Harvest Church, LA
Angie and I had the privilege of hosting a meeting at our home in Louisiana, led by Bro. Keith Tucci. The purpose of the meeting was to discuss and teach us about transitioning our church to a new pastor--to pass the baton, so to speak. A quote that stood out about this was:
“A trophy you keep; a baton you hand off.”
In my mind, the meeting could be broken down to two things:
Even if you have not identified “the man” to replace you, you need to have “the plan” in place to make it happen.
Bro. Keith shared with a group of five pastors and their wives that the plan for transition is just as important as the man who will replace you. He used the analogy of a relay race where there are four runners, each passing the baton to the other.
Here are some takeaways that I gleaned from the meeting:
You must be deliberate about transition. Therefore, we must have a plan (passing the baton). It won’t just happen without a plan in place.
Timing is crucial for transition to happen. He talked about the acceleration mode, which is called the hand-off zone, is a 98 foot span of distance where the exchange of the baton takes place. This means you cannot be too soon or too late in the exchange--it has to be perfect timing. In the acceleration mode, both men are running at full speed when the transfer of the baton is made to the next man up.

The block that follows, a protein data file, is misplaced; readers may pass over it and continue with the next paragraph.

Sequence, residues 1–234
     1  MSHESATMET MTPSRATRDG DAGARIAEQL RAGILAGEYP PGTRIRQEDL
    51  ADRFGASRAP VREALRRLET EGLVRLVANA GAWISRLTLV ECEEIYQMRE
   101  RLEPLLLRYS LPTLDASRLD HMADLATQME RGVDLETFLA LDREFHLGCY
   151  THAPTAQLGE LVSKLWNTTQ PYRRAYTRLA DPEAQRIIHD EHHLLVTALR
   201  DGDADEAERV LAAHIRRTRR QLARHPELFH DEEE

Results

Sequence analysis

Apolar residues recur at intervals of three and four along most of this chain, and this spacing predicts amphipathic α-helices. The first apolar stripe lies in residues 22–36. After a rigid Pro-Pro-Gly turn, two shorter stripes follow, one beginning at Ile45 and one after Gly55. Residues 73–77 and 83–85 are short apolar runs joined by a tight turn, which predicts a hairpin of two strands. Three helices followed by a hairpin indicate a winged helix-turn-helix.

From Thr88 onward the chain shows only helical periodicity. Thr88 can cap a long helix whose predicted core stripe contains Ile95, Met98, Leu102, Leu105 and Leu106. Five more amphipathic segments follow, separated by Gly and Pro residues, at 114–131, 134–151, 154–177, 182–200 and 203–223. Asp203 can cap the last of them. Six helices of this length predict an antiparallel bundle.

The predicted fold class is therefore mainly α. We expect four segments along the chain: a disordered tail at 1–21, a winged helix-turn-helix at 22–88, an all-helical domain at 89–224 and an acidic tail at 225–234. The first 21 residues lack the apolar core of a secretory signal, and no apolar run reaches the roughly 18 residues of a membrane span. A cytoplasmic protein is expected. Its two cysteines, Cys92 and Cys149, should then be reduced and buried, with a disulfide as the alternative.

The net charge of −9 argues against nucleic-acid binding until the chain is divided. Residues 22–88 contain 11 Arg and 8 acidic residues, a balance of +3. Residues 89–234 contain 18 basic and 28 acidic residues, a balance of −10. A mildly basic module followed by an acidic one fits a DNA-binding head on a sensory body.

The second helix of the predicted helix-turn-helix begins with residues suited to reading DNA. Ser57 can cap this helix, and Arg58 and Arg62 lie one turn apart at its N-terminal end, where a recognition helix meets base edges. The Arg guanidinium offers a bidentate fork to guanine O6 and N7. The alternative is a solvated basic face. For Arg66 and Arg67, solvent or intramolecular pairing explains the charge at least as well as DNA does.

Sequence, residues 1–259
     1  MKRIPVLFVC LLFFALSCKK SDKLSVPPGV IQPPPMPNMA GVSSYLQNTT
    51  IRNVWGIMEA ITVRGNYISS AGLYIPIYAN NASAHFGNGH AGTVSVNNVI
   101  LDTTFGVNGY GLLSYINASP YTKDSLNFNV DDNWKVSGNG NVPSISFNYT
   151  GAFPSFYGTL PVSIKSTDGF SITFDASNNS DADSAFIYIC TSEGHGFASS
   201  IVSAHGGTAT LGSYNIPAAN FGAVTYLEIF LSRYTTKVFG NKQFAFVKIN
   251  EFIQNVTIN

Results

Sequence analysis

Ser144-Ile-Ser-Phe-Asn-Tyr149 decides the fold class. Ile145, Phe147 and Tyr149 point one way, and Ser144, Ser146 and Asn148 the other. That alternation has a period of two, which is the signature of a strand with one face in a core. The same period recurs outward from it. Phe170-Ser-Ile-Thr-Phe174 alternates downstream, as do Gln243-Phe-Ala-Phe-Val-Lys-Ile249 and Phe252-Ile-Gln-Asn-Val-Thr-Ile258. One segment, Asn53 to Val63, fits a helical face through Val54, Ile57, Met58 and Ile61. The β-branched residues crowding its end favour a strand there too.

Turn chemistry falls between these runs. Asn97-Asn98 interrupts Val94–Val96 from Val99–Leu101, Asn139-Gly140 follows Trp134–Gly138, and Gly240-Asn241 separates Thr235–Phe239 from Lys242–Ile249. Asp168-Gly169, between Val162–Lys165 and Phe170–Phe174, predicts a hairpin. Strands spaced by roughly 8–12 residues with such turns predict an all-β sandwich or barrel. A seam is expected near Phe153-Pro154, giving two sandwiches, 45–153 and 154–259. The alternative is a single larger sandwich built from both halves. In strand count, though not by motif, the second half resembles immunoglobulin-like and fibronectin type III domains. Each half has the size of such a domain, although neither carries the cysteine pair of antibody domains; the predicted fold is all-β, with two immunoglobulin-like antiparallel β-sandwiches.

There must be a time of preparation. Bro Keith taught us in every transition there are three entities that have to be prepared: 1) The pastor, 2) the church body, and 3) your successor/new pastor. We must do all we can to prepare all three.
There must be a clean hand-off. Dropping the baton will disqualify you from winning the race.
Identify those (in house) who are involved in decision making in your church (e.g., elders, leadership, directors, or whatever you call those who make decisions). Making sure the leadership is on board is very important. This will take communicating the transition process to them first.
Make sure your presbyters are aware and involved in this process. It will help the body to know that your presbyters are giving oversight when the transition finally takes place.
Set a financial plan in place now. Bro. Keith suggested opening a “future fund” savings account that will help with the transition expenses.
My wife Angie had this comment about the meeting, “It is comforting to know that when the time comes, our presbytery and our leadership will be there for us and we will not be alone through this process.”